Army Uses Touchy-Feely Training to Make Tougher Soldiers

By Allison Bond | August 18, 2009 3:12 pm

military memorialIn the hopes of combating rising suicide and mental illness rates, the U.S. Army is implementing a mental stress training course for all 1.1 million members of the National Guard, reservists, and active-duty soldiers.

The training, the first of its kind in the military, is meant to improve performance in combat and head off the mental health problems, including depression, post-traumatic stress disorder and suicide, that plague about one-fifth of troops returning from Afghanistan and Iraq [The New York Times]. The program will be taught by Army sergeants in classes that generally last about an hour-and-a-half, and will begin in October at two bases before spreading to all service members. The training will also be available for family members and civilian employees.

Common techniques taught in the courses seek to defuse or expose common habits of thinking and flawed beliefs that can lead to anger and frustration — for example, the tendency to assume the worst. (“My wife didn’t answer the phone; she must be with someone else.”) [The New York Times]. Still, no training has ever been shown to improve mental resilience and reduce stress in soldiers. Experts say that while the program isn’t guaranteed to produce results, it could at least settle one of the most important questions in psychology: whether mental toughness can be taught in the classroom [The New York Times]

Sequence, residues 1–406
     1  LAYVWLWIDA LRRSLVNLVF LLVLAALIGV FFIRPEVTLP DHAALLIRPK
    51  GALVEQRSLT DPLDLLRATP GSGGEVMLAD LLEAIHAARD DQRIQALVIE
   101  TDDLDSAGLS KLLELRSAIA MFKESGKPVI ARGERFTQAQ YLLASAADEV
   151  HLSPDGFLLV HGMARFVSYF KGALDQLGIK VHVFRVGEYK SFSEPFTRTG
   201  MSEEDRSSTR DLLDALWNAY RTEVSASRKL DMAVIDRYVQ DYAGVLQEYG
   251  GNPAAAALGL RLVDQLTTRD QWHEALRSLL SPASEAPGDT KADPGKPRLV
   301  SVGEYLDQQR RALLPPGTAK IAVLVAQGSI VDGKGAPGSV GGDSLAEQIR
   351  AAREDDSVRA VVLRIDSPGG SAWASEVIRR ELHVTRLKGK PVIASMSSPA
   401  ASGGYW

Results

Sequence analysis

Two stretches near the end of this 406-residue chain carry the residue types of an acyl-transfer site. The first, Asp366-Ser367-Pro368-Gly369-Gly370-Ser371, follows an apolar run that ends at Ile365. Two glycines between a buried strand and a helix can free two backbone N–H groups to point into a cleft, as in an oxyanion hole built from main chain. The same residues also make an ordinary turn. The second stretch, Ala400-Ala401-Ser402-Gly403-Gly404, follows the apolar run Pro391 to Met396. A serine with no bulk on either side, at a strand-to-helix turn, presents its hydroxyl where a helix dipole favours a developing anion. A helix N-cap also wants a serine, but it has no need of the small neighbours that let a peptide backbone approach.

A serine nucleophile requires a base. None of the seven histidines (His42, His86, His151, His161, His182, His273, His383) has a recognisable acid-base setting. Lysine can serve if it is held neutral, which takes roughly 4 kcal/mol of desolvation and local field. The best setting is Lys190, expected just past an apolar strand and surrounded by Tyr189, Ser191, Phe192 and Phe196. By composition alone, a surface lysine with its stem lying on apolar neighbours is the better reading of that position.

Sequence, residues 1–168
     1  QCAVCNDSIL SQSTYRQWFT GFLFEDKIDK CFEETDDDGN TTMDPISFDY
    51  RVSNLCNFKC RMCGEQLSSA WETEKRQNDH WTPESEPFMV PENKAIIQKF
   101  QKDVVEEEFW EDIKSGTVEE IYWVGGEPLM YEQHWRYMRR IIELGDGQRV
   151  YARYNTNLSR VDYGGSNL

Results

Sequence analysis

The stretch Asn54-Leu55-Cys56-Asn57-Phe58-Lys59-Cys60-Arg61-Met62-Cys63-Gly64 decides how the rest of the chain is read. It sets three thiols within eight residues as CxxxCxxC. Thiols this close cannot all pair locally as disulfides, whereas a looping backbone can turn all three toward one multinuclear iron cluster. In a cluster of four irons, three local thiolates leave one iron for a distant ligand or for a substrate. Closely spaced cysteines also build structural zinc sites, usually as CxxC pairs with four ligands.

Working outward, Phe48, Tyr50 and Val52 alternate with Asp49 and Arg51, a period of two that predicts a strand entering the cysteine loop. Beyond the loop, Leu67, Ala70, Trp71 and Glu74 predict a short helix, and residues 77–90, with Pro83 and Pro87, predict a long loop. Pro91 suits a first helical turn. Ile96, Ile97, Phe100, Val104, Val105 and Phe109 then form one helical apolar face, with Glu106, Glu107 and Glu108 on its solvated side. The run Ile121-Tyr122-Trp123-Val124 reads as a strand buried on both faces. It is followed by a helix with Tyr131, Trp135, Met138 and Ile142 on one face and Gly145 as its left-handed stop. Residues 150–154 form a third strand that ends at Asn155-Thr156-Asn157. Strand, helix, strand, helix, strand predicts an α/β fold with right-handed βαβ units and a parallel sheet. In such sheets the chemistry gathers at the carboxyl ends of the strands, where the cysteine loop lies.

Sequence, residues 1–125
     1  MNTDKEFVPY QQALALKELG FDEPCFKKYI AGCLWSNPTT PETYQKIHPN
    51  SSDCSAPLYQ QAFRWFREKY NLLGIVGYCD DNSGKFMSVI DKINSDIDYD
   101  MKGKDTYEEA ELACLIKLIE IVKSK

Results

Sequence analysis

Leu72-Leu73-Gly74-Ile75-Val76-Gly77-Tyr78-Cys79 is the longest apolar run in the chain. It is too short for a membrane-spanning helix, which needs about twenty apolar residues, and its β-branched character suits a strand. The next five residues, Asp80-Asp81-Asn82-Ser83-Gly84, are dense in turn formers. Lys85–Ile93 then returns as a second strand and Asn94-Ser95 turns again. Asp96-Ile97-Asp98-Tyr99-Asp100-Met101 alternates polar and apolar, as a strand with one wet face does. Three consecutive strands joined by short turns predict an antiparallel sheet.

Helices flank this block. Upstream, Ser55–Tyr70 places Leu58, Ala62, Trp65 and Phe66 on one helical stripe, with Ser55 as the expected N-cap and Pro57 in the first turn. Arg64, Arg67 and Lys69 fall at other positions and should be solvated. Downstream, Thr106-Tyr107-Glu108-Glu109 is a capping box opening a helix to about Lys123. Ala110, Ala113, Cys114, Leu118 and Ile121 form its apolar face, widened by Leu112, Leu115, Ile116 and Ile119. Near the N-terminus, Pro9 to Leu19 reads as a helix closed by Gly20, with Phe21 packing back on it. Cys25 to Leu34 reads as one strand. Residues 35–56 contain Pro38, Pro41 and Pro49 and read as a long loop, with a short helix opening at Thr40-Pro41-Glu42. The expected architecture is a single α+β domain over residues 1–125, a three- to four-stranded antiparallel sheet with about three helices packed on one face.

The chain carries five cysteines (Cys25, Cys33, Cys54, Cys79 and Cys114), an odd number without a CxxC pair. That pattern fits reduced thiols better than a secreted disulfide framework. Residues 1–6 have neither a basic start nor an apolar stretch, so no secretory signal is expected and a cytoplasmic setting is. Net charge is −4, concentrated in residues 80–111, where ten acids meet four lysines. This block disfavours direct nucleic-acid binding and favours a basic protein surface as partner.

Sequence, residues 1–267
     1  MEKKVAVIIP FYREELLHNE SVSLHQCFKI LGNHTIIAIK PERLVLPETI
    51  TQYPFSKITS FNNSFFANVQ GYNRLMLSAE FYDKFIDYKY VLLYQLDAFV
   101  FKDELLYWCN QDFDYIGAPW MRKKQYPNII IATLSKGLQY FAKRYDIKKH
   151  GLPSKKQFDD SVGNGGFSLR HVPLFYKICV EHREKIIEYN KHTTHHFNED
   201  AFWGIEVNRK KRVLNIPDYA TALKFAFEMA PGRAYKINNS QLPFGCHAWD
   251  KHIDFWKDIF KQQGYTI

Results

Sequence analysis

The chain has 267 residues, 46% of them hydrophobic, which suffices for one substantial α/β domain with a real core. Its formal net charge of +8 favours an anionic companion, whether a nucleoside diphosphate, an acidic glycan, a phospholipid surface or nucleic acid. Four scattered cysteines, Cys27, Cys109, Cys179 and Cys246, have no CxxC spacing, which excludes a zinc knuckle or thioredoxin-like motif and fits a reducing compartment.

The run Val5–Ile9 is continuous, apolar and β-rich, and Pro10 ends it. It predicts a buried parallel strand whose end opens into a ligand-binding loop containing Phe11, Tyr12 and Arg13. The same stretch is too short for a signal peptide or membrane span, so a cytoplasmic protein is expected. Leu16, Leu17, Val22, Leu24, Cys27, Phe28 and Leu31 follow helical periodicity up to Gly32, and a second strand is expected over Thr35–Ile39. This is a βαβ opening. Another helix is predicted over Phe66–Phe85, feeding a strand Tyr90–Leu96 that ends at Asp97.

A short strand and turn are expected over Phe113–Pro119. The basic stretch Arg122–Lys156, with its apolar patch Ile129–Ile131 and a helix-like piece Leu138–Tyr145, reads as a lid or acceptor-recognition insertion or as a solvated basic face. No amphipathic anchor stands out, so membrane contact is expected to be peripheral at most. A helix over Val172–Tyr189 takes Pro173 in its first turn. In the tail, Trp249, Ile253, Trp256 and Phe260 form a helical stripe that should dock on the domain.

Before the program was introduced, some wondered if an organization that has generally avoided discussing feelings could accept being so open about emotions. In the end, however, many agreed that such training was necessary to better prepare soldiers and their families to cope with trauma, given the suicide rates, post-traumatic stress and brain injuries that can plague service members after deployment. “For years, the military has been saying, ‘Oh, my God, a suicide, what do we do now?’ ” said Col. Darryl Williams, the program’s deputy director. “It was reactive. It’s time to change that” [The New York Times].

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Image: flickr / BL1961. An army memorial service.

CATEGORIZED UNDER: Mind & Brain
  • malwae

    I watch the Armed Forces Network, and there are a lot of infomercial type spots around suicide, rape, domestic abuse, and drunk driving. Oddly enough, while the suicide segments do a good job of urging people to seek help if they are depressed, or to get help for friends who are suicidal, not a single spot has listed the warning signs. When we learned about suicidal behaviour even in our highschool heath classes, we were given bullet lists of signs and symptoms of impending suicidal behaviour. I think whoever is creating the ads for AFN means well but there seems to be a disconnect between the desire to inform and help soldiers and the information that would be genuinely useful.

  • Jake

    Well touchy-feely is an inappropriate word; they have emotions, and they need to learn how to properly gauge them. That can happen when observing the most wildest of actions for sustained periods of time, there needs to be a release, or releases where they know they can recover. No full operation should ever be expected to be like a complete robot…

  • http://hromanswonya.corank.com Rahini Kata

    Merci Much obliged for motivating me to go look up my own inquiry. Yours was way more indepth than mine.

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